Rasnov Fortress (Rosenau in German) is one of the most interesting landmarks of Romania located in Brashov county, on a rocky hilltop in the Carpathian Mountains, halfway between the Brashov and Bran, 200 meters above the town of Rasnov. The Rasnov fortress is the best preserved, biggest and the most complex fortress of the South and South East of Transylvania, also known as “Peasant Fortress”, situated on the trading route which was linking the provinces of Wallachia and Transylvania, 156 km from Bucharest and just 8 km from the resort of Poiana Brasov.

First mentioned in an official document in 1331, the Rasnov fortress has been possibly built by a group of knights from the Teutonic Order as to be a stopping point for European soldiers headed to or coming back from the Middle Eastern crusades and as protection against invading Tartars. Having an important location on the commercial road from Bran, Rasnov fort and settlement becomes very important in strategic terms because it could control the access from Transylvania in Rasnoavei Valley. This strategic position of Rasnov has attracted many military invasions, being one of the few fortresses in Romania which is nearly whole. The Rasnov fortification was later enlarged by the local Saxon population. Strategically located on the commercial route linking the provinces of Transylvania and Walachia, Rasnov stronghold differs from other Saxon fortresses in that it was designed as a place of refuge over extended periods of time. Rasnov fortress is built in a simple architectonic style, inspired by the old medieval settlements of 500 years ago. The Rasnov fortress consists of an outer and an inner courtyard. In the eastern part of the outer courtyard is located a fortified wall with a square tower. At the entrance of the Rasnov courtyard there is a building of stone in the shape of a circle with many holes of draw-down. Inside the Rasnov fortress you can see ruins of numerous medieval houses which provided shelter for local population during the invasions, along with those of the school and the chapel. As such, Rasnov had at least 30 houses, a school, a chapel and other buildings more commonly associated with a village. The Teutonic Kinghts were summarily kicked out of Transylvania a decade later, but the Rasnov Citadel has remained in good condition all the way to modern times.

The defensive system of the Rasnov Fortress included nine towers, two bastions and a drawbridge. Surrounded by 150 meters high slopes on the north, south and west sides, the fortress was forced to surrender only once, in the year 1612 when invaders managed to find the secret route that supplied the people inside the fortress with water. With the location of their water supply no longer a secret, the need for a well inside the fortress became a must. According to local legend, two Turkish prisoners were put to the task of digging a well through solid rock in the center of the Rasnov fortress. They were promised their freedom once the well was finished. Work on the 146 meters-deep well began in 1623 and took 17 years to complete. The well provided extra security as it meant the people didn’t have to go outside the fort gates at all during a siege. It was in use until 1850 when the wheel broke. The last siege of Rasnov Fortress took place in 1690 during the final Ottoman invasion of Transylvania. Damaged by fire in 1718, the Rasnov Fort was rebuilt the following year. The next major damage occurred as the result of an earthquake in 1802. The Rasnov fortress was last used as a place of refuge during the revolution of 1848 and was abandoned after that, to become nowadays a tourist attraction.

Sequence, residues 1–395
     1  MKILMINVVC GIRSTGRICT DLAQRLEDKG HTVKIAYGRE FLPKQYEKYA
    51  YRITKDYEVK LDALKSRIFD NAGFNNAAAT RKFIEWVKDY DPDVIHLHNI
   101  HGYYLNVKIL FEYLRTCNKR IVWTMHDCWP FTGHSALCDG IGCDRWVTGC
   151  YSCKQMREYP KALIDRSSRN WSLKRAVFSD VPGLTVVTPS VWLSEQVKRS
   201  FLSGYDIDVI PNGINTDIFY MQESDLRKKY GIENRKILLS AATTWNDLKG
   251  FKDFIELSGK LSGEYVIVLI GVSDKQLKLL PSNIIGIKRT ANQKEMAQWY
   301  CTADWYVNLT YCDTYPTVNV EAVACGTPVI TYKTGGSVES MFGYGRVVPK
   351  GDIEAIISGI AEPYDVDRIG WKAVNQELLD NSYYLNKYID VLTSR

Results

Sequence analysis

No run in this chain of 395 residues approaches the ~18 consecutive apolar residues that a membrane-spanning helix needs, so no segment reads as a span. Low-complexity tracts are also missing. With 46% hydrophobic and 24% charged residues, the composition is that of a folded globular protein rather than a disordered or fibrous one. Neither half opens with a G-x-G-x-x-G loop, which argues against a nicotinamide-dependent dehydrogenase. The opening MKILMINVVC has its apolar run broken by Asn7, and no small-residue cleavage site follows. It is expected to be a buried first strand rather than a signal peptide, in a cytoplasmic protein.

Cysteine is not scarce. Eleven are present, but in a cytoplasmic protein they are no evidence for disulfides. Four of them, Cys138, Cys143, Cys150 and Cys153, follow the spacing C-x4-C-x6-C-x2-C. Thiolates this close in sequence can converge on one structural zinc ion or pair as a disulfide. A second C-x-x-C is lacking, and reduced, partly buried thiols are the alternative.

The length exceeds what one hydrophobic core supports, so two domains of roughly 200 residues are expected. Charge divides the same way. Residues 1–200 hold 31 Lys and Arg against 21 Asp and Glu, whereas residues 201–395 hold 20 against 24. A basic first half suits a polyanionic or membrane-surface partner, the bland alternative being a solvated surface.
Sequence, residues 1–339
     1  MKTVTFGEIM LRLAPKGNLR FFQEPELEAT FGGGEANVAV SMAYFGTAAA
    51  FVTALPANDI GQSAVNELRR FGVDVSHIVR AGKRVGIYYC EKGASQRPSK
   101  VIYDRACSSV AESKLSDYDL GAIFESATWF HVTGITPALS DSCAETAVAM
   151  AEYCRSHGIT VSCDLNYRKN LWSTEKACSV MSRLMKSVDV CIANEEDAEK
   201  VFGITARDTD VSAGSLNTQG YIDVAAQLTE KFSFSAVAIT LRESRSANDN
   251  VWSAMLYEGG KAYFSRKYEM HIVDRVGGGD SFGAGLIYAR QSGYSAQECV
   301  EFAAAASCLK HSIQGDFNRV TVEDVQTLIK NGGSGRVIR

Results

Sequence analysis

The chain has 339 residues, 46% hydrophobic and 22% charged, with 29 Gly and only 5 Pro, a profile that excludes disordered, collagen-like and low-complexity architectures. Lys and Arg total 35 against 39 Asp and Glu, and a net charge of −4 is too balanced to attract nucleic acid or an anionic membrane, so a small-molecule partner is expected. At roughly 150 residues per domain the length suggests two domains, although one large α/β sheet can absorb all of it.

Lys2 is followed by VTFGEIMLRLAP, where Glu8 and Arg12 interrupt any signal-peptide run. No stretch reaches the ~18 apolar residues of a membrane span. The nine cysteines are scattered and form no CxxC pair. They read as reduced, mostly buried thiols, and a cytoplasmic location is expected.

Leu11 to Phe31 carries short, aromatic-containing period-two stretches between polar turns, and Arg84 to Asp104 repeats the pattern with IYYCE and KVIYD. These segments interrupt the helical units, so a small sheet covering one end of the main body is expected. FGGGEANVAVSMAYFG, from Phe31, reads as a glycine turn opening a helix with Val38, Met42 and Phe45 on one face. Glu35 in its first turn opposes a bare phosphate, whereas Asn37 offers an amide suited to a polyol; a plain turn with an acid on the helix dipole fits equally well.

Archaeological research from 1970 and the latest at the Rasnov fort revealed a rectangular chapel with semicircular apse in the exterior fortress which is believed to be the chapel of Saint George mentioned in the documents and dating, by archaeological research, since the 14th century. Rasnov fortress keeps the majority of the guns and cannons that are due to different stages of medieval and modern of the fortress, being able over several centuries to survive numerous attacks, protecting for over 500 years the life and the wealth of the people from Rasnov and it surroundings.

Recently, the old Rasnov fortress has been restored to its former glory and today, you can visit its impressive remains. Another point of interest is found in the inner courtyard behind the ancient walls of Rasnov, namely the Feudal Art Museum, where there can be admired furniture, weapons, armors and interesting artifacts of the 13th century among which is the skeleton buried beneath a glass floor. The inner rooms of the Rasnov fort are maze-like, with several wooden ladders linking them and a few so-called secret passages which should keep you busy for quite a while. The superb panorama towards the Rasnov fortress which is the most beautiful medieval place dating from the time of Prince Michael the Brave (Mihai Viteazu) is not to be missed, as well as a ride on the narrow, steep streets of the city. Rasnov is attractive throughout the year, in winter because of skiing and winter sports along the wild Bucegi and Piatra Craiului ranges and in other seasons for numerous festivals and events. Rasnov fort was nominated by CN Traveler among the 10 most beautiful snow castles in the world.